Cases and deaths in Germany have reached the kind of levels last seen in January and hospitals in several parts of the country are reported to be pushed to the limit.
The outlook for the German economy is mixed. Economic growth this year will come out above 2%, but momentum has slowed in the second half thanks to supply chain restrictions and pandemic shutdowns, putting in doubt previous expectations of a 2022 figure above 4%. Even if that is achieved, growth will subsequently moderate to nearer 1% on current trends, although it must be said that forecasting economic growth is notoriously difficult.
The greatest uncertainty, though, is outside the EU’s borders in the shape of Putin. He has already flexed his muscles by reducing then restoring the gas supplies on which Europe, and Germany in particular, are so dependent. The threat of a Russian invasion of Ukraine hangs in the air.
Merkel was accused of putting trade interests before political considerations. Scholz is expected to take a tougher line with Moscow and could refuse to put Russia’s already completed Nord Stream 2 gas pipeline to Germany into operation, but the outcome would probably hurt Germany more than Russia.
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On a completely different note, the gig economy could come under threat in the new year as a EU directive provides greater workplace rights for more than four million workers currently classed as self-employed. It offers them the right to earn the minimum wage and be entitled to sick pay and paid holidays, rather than be paid on a job-by-job basis. It is estimated that the move would cost companies such as Uber (NYSE:UBER) and Deliveroo (LSE:ROO) a combined €500 million a year.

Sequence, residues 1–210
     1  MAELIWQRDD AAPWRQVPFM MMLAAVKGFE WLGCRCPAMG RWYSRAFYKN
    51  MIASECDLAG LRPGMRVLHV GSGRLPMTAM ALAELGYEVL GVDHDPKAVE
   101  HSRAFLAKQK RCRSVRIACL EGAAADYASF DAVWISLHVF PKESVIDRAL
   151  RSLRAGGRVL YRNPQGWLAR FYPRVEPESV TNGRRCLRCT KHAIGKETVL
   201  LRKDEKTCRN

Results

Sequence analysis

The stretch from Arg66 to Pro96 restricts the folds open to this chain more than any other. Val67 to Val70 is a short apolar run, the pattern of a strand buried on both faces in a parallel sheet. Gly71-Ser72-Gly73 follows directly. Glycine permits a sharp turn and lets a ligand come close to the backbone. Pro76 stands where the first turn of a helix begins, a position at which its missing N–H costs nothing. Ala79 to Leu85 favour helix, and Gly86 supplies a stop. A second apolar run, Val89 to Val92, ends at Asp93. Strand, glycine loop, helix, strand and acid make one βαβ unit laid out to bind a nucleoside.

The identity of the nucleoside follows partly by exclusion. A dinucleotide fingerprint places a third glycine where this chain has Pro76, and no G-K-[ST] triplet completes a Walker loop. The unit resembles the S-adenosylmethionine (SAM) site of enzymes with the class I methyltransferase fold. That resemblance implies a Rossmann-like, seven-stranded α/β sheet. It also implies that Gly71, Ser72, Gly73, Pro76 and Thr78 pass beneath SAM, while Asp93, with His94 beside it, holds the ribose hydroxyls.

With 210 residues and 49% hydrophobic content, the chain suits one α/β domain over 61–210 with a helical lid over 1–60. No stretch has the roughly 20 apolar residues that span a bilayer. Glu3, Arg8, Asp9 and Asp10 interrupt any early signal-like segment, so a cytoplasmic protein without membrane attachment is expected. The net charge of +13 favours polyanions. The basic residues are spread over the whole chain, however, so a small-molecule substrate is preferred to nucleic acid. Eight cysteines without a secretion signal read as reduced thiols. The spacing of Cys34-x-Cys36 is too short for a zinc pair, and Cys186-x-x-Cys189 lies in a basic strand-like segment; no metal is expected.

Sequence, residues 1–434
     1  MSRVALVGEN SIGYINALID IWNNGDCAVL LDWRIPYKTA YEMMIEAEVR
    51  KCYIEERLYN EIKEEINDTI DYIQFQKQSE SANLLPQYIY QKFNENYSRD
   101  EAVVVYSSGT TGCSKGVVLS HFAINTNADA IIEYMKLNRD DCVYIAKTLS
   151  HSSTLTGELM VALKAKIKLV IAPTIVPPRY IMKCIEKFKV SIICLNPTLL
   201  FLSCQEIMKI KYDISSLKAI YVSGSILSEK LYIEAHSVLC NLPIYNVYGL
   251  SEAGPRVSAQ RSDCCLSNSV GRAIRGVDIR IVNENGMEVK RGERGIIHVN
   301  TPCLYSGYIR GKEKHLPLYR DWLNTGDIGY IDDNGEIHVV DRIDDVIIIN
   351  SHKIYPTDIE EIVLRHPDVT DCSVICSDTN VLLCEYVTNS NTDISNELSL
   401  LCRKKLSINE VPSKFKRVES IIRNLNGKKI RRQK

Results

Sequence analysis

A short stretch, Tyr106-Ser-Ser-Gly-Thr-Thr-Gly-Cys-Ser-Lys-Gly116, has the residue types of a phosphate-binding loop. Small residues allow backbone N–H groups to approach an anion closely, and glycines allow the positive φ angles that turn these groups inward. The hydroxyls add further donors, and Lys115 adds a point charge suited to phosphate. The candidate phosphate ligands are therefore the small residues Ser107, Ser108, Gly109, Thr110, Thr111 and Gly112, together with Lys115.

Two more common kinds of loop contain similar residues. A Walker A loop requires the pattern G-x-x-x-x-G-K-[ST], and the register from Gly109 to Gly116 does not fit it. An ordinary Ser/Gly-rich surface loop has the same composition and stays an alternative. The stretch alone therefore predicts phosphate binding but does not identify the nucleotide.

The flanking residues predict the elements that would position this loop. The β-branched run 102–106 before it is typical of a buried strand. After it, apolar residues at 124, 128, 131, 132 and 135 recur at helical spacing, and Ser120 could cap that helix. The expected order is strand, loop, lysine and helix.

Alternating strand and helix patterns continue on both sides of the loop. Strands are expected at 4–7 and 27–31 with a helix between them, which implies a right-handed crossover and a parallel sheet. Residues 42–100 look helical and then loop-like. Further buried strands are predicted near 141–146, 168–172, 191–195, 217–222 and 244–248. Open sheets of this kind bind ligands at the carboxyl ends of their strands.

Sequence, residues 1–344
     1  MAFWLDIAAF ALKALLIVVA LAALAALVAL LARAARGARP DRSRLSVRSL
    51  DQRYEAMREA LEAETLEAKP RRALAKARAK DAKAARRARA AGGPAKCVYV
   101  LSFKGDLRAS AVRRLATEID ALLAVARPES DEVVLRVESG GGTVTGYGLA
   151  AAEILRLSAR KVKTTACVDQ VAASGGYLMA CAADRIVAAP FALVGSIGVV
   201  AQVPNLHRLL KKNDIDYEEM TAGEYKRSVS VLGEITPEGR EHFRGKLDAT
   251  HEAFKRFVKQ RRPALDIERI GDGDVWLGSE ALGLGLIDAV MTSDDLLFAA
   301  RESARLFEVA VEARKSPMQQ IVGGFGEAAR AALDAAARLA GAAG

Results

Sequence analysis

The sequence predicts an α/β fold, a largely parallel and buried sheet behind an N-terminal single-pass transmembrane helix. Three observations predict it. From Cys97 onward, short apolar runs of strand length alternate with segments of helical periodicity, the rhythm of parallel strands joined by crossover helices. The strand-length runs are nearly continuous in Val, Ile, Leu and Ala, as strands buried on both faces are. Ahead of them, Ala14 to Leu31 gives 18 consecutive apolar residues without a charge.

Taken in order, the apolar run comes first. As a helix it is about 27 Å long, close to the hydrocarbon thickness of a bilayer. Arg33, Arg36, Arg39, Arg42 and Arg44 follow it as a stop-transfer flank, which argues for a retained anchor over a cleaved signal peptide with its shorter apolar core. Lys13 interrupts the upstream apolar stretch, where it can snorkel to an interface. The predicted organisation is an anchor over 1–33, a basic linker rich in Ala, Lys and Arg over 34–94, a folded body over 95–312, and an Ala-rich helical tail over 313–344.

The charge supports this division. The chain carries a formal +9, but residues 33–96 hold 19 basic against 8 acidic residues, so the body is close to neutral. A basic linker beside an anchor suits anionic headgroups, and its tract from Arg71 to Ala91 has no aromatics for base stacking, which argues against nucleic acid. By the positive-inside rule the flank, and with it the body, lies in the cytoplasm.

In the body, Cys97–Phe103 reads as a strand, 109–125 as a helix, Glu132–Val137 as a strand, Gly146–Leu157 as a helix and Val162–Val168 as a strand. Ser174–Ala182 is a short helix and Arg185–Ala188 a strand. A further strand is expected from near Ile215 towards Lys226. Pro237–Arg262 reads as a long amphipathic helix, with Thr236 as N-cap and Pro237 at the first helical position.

Companies affected are caught between a rock and a hard place. Some have threatened to reduce working hours, but that would hit the companies as well as the workers. They could try allowing workers to choose their own working hours, which would protect their self-employed status, but that would destroy the whole ethos of the gig economy. Right now, gig economy companies with a heavy European presence look a doubtful investment unless the directive can be overturned.
Despite the persistent effects of the pandemic, Europe was on the whole a happy place to be for investors in 2021, with the two main indices mainly on an upward trend.
The CAC 40, the benchmark index for the Paris Bourse, started around 5,500 points and, despite easing a little during January, it has finally edged past the previous peak of 6,700 set as long ago as August 2000 to hit a new record of 7,150 in mid-November. In the intervening two decades the index has twice baulked at 6,000 points. It now seems to be settling around 7,000.
In Germany, the DAX Index has followed a similar course after starting the year at 13,900 points, though the gains have been more moderate. It took a little longer to break upwards but a new peak of 16,251 was set on the same day that Paris hit the top.
Both indices have come off the boil with the emergence of the latest Covid-19 wave. If the Omicron mutation proves to be milder than the Delta variation it is replacing, there is no reason why the upward trend should not be renewed.
Although EU inflation is, at 4.9%, the highest it has been since the single currency was formed, it is expected to fall back in the new year, making action from the European Central Bank (ECB) less likely. The ECB has promised to remain flexible. Investors should do likewise.